But then there’s Genesis. Adam is in the garden, and God says, “It is not good for man to be alone; I will make a helper suitable for him.” God Himself said it’s not good for man to be alone, but Adam was with God, right? So what does it mean that God felt Adam needed someone else? If God is enough, if He is all I need, then what are other people for? And I’m not really sure I’m comfortable with saying that God isn’t enough, so how do I reconcile these two ideas? I know that if I’m not happy being single, I won’t be happy being married, and I know that I need to be content with where God has me, and I honestly am trying.

I think I’ve been thinking too much.

Meditations on Singlehood, Part One

EDIT: Dumbest commercial ever: A woman jogging, with a voiceover that says, “I can’t concentrate. Could I be pregnant?” Um, WHAT?! That’s the worst logic I’ve ever heard! Come on, Ept, think of something better than “I can’t concentrate!” Next thing you know we’ll be hearing, “I’m so tired. Could I be pregnant?” Sheesh.

And oops, pretty sure we forgot to pay the rent. It was due on the first. It’s always due on the first, so how in the world we managed to forget is beyond me. We’ll probably be homeless tomorrow. Awesome.

I’ve always been of the old-fashioned persuasion and felt that men should be the pursuers in relationships, but what about Ruth? She laid herself at the feet of Boaz as a way of saying “Hey, I’m available!” This certainly caught Boaz’s attention, seeing as how they ended up getting married, so what does that mean? I read a two-part article about “pulling a Ruth” that talks about the importance of women making themselves available to men and not being passive, and this isn’t the first article that’s talked about women not just “settling” with singlehood, but how are we supposed to do that without looking like we’re desperate or trying to take control? Do I wear a sign on my clothes that says, “Hey, Christian guys, I’m single and want to settle down?” I guess I’ve always just assumed that guys figured most women had marriage on the brain from the age of 2. Not only that, but it frustrates me that so many Christian guys can’t seem to get up enough guts to just ask a girl out. All of this is a big puddle of confusion in my head, but here’s what’s had me thinking a lot the past few months:

1. Are there things about me or my life that would suggest to single guys that I’m not open to marriage right now? Does pursuing my MA and possibly my PhD mean I’m sending out some sort of message that implies I want a career over marriage?
2. I read all sort of articles and hear messages from speakers that urge singles not to delay marriage but to embrace it and enjoy it while young. That’s all well and good, but it’s not like I’ve been keeping guys at arm’s length and refusing marriage proposals left and right. What am I supposed to do until marriage presents itself? Where’s the middle ground?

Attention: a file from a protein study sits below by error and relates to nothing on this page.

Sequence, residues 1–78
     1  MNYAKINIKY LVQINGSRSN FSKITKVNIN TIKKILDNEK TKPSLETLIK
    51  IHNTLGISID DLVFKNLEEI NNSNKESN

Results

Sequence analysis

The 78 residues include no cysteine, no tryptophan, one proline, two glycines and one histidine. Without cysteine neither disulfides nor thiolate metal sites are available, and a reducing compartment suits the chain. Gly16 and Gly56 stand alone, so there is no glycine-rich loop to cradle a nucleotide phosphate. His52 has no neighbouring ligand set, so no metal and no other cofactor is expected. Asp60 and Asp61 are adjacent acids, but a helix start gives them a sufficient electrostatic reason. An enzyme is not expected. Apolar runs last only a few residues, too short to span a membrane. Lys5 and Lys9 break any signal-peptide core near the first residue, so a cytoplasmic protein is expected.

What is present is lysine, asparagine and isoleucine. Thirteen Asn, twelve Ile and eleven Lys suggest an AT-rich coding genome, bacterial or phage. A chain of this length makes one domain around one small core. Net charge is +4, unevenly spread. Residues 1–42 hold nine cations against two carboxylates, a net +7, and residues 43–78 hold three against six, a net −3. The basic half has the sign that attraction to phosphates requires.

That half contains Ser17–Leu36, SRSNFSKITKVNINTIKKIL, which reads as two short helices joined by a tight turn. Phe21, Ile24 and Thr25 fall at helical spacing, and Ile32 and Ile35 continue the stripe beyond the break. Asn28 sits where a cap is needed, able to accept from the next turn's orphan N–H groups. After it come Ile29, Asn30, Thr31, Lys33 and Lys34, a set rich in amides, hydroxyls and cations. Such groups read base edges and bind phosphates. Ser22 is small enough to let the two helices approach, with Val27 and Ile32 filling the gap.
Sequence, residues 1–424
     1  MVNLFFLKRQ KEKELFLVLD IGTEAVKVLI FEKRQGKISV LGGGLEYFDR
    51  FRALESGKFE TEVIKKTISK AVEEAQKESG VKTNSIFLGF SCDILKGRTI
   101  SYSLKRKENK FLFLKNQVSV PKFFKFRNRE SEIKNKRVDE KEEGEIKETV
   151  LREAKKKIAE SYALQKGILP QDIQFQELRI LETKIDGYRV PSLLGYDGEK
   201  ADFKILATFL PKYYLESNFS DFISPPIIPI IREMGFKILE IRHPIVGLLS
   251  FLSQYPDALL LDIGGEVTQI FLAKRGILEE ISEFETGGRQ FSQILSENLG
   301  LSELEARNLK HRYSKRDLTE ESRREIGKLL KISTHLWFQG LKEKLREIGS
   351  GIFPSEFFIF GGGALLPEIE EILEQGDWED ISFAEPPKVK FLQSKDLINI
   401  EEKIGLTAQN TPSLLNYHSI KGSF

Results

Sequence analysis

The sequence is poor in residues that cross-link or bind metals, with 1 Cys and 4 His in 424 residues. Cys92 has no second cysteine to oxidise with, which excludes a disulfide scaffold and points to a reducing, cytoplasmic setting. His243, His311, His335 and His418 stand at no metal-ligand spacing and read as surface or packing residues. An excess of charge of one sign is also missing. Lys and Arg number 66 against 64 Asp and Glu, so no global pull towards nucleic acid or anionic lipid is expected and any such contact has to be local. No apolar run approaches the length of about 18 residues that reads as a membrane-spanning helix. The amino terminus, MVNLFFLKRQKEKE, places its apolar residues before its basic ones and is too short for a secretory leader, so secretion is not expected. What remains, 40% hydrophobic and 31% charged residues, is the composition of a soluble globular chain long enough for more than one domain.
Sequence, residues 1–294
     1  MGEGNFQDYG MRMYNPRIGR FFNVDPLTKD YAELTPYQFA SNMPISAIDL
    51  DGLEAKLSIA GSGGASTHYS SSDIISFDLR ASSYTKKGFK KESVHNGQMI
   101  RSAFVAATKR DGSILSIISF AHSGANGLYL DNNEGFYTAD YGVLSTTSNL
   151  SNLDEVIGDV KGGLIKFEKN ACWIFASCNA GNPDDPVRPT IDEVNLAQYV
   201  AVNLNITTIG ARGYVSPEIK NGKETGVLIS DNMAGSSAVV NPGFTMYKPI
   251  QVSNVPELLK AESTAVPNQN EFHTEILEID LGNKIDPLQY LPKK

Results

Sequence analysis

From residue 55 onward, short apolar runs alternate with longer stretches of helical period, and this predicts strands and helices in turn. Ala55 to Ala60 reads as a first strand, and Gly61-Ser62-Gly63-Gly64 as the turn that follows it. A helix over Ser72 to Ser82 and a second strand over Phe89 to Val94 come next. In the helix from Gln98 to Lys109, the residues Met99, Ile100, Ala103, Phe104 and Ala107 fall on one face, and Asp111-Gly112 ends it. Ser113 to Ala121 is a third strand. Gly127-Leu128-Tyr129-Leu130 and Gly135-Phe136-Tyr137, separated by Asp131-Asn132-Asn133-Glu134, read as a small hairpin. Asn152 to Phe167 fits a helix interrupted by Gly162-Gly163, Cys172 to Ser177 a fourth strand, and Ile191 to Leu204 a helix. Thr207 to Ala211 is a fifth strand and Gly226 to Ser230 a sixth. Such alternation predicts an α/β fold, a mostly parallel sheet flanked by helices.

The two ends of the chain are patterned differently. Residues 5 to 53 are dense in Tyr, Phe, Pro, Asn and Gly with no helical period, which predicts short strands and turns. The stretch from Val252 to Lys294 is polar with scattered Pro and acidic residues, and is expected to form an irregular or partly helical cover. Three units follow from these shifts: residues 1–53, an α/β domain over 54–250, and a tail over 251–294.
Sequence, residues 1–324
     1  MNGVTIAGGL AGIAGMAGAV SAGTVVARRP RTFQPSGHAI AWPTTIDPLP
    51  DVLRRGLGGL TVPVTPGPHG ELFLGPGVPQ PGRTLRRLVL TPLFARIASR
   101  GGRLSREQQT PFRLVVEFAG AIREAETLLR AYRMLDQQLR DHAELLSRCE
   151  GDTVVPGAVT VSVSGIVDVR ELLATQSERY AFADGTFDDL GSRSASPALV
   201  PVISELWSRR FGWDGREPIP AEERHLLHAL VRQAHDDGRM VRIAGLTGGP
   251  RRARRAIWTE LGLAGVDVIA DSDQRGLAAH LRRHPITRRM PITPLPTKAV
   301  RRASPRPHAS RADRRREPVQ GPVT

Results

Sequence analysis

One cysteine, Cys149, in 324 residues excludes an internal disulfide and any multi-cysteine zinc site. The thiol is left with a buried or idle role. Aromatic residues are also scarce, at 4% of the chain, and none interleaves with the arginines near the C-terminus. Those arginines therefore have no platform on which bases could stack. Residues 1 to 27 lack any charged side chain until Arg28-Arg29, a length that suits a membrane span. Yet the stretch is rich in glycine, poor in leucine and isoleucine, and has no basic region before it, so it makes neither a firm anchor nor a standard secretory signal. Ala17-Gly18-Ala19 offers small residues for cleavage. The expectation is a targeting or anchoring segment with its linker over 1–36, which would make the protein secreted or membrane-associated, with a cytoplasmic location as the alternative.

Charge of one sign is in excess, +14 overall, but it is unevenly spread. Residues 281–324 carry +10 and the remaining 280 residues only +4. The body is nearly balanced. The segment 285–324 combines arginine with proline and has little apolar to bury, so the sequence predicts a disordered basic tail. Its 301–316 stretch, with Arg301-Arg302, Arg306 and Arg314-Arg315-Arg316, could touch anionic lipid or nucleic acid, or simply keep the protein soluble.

3. How can I encourage Christian men to step up and be the leader God wants them to be in relationships? What could I potentially be doing that would discourage them from this?
4. How can I both embrace the idea of marriage but at the same time pursue a career?
5. Am I willing to give up my aspirations of being a professor were I to meet someone I want to marry? In other words, would I be willing/able to put family over career?

I’m not sure what compelled me to write all of this, but I’ve been dealing with these questions for a while and thought it might be good to hear what you think. So please jump in with advice, comments, criticisms, etc.

Stay tuned for part two: Is God enough?

I Was Right!

My longtime readers will recall a question I posed almost a year ago:  Can a man and a woman be “just friends” and nothing more?  The question sparked quite an interesting debate, and even though some say it’s possible, I remain firmly in the “it’s highly unlikely” camp.  I don’t think that persons of the opposite sex can be friends without one or the both of them developing some sort of attraction/interest in the other that will end up complicating the friendship.  And now my friends at Reader’s Digest agree with me.  In this month’s issue, columnist Jean Marie Laskas, a regular contributor to my most favoritest of magazines, answers “life’s 25 toughest questions.”  One of these questions is “Can a man and woman ever just be friends?”  Her answer:  “For a short time perhaps.  Making the friendship last requires that you find each other at least vaguely repulsive.  Good luck!” 


Thoughts?  Discuss amongst yourselves!  I’m off to dye my hair.